BYPASSING COURT DELAYS
Updated: May 10, 2022
COVID-19 has considerably slowed the resolution of pending court cases and exacerbated many courts’ already significant backlog of cases. Even as U.S. courts re-open and resume in-person proceedings, delays due to the pandemic and prioritization of criminal cases have led to long wait times, especially for commercial litigation. There is a 13-month expected delay for commercial case resolutions on average across all federal circuits.
There are faster routes to resolution once a dispute arises. Parties can bypass the court and submit their disputes to an alternative dispute resolution (ADR) process to resolve their disputes and return their focus to the business.
Parties can file a submission agreement with their preferred dispute resolution body, allowing them to submit their dispute to arbitration or mediation to take advantage of all the benefits that the ADR process offers.
Parties can count on faster speed (and usually lower cost) when using alternative dispute resolution to resolve disputes. Speed to reach a decision is often critical to continue business planning. The average duration for a full-length commercial arbitration case is 14.4 months. The median time from filing to trial in a civil case in a U.S. District Court is 28.3 months if there is no appeal.
Arbitration facilitates resolution on a faster track. Most institutions have an option for expedited arbitration proceedings, which contemplate a 90–180 day proceeding.
Plus, party control is a tenet of ADR, allowing the parties to craft the process to fit their needs. They may select knowledgeable neutrals with subject-matter expertise. Parties get greater confidentiality and privacy for proprietary business information, trade secrets, and intellectual property.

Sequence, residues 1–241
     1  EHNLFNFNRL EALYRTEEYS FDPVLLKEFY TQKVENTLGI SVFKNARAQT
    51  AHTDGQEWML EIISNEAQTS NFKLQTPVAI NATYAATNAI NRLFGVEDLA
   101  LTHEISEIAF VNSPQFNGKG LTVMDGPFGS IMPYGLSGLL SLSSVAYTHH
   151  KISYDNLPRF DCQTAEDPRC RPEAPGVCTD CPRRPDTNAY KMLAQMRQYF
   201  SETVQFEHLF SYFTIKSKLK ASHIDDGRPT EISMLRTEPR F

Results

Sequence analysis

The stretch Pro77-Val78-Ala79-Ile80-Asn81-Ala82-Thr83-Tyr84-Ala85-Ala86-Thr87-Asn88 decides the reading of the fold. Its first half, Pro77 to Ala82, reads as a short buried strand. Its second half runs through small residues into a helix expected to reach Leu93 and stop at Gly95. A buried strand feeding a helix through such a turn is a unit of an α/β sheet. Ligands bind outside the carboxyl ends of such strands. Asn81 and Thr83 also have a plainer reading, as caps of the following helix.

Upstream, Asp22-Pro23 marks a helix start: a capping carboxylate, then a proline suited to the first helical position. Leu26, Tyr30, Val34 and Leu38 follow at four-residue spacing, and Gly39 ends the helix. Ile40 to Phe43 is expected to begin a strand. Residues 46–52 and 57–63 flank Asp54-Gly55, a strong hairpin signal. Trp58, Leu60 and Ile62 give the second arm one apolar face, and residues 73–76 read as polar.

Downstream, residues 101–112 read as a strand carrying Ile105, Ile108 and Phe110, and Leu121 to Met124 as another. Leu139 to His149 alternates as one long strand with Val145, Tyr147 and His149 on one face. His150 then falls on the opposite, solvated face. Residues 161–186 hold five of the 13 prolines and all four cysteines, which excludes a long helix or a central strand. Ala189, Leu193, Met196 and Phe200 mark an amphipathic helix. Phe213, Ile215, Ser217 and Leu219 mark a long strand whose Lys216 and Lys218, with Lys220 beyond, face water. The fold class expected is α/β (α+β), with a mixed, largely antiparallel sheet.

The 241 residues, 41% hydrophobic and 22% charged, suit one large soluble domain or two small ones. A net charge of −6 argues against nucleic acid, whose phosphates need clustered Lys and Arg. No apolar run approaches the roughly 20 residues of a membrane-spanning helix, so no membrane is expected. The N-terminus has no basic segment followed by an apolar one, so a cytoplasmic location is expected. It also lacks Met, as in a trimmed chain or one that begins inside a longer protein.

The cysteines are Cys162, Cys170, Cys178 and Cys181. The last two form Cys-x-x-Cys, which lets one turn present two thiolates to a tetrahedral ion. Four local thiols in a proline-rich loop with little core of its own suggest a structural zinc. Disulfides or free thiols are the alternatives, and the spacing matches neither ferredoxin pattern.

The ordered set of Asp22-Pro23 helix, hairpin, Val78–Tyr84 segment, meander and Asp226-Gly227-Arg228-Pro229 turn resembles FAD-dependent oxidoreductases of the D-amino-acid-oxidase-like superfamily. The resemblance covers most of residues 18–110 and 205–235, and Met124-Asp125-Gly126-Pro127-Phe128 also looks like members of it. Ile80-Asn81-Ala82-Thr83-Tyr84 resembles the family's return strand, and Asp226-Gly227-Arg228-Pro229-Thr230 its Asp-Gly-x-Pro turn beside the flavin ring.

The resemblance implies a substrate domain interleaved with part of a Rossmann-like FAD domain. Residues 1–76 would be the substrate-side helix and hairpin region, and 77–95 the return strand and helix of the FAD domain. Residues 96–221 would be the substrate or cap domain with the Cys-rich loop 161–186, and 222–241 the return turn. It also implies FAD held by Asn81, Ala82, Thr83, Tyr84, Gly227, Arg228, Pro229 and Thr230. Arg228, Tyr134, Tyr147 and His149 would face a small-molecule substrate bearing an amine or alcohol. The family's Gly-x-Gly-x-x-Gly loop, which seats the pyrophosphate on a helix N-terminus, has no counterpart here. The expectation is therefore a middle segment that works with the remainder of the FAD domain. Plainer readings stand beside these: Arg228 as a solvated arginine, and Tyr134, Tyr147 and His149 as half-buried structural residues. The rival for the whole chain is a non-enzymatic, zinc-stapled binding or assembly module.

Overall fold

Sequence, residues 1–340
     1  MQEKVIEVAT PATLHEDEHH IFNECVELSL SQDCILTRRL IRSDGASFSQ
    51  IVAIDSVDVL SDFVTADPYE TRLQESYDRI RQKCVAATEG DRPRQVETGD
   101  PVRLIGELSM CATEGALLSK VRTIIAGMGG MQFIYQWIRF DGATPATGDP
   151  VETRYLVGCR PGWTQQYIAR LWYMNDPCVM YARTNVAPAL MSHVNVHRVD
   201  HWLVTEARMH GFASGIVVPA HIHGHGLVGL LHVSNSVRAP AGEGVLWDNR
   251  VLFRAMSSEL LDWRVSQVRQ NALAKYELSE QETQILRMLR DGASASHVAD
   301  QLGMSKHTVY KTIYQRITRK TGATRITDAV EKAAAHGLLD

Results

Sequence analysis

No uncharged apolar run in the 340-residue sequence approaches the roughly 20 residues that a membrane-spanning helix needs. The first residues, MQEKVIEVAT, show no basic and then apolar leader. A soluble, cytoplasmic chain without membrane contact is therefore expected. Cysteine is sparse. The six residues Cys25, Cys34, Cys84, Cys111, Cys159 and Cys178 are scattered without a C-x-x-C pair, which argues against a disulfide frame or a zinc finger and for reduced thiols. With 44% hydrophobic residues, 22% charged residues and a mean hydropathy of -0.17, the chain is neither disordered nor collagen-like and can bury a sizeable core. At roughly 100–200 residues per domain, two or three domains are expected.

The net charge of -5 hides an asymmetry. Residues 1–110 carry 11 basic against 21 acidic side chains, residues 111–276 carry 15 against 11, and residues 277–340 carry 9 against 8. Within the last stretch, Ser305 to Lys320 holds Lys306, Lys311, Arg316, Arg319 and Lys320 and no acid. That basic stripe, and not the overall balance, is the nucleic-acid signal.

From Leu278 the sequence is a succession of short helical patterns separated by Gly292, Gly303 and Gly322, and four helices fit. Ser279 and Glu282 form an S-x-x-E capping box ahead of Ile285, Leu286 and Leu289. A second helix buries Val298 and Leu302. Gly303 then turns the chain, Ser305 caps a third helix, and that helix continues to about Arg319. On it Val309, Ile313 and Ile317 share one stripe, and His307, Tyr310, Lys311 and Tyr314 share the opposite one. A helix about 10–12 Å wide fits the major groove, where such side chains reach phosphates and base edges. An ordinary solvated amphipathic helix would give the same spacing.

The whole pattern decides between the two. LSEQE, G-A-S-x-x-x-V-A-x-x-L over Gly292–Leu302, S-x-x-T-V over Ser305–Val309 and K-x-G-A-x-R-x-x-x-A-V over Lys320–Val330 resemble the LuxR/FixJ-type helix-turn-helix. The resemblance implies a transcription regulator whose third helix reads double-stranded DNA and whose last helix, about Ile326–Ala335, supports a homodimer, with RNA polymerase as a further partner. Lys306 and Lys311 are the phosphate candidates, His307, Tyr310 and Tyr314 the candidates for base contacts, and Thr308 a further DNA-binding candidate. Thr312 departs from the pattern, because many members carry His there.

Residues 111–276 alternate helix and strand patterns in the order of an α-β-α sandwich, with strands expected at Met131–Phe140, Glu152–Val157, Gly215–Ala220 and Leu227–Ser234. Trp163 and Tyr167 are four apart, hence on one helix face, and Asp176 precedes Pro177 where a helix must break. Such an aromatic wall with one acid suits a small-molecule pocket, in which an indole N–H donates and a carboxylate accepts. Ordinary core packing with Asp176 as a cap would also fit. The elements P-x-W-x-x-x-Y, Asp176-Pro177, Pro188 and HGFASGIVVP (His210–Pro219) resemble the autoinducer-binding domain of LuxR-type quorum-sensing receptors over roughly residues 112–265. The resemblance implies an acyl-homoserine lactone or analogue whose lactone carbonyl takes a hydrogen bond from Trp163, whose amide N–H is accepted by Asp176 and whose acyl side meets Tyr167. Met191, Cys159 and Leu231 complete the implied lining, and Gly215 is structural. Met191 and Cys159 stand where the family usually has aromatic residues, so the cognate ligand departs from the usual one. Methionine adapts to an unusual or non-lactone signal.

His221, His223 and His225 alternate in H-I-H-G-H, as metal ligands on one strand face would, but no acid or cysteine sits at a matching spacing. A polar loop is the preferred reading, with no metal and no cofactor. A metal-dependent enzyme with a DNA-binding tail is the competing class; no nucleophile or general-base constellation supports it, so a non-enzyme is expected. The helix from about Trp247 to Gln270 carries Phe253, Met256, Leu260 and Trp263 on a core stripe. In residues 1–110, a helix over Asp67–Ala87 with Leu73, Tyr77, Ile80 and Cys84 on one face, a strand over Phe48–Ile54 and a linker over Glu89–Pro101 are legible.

Arbitration offers the certainty of resolution Awards are generally final and binding. Finally, parties have greater flexibility in ADR processes, which allows them to proceed on their schedules, rather than a court’s, and has the option to conduct hearings virtually.
Parties assume that if they have not elected for arbitration or mediation in the contract before a dispute arises, they are left with litigation as the only option. This is not true. Parties can submit their dispute to ADR at any time after the dispute arises, even if the dispute is already in court.
The parties agree to submit the specific dispute to ADR in the submission agreement. Parties need to agree to an ADR process for resolving their dispute, whether it is arbitration, mediation, or both.
Some ADR providers provide a form that the parties may fill out and submit as a case filing. In this form, parties can choose the specific rules that should govern the resolution of the dispute. They can also specify the name of the neutral (mediator or arbitrator) they wish to help resolve the dispute or the process by which the neutral should be selected. The form also provides the required language to submit parties to binding arbitration if that is the choice.
The form is not the only option available. They could draft a more detailed submission agreement. There are frequently model clauses that provide standard language and cover various considerations.